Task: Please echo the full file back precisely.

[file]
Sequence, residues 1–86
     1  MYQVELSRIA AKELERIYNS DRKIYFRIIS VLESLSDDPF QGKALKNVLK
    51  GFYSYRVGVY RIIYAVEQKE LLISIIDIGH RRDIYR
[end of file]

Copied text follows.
Sequence, residues 1–86
     1  MYQVELSRIA AKELERIYNS DRKIYFRIIS VLESLSDDPF QGKALKNVLK
    51  GFYSYRVGVY RIIYAVEQKE LLISIIDIGH RRDIYR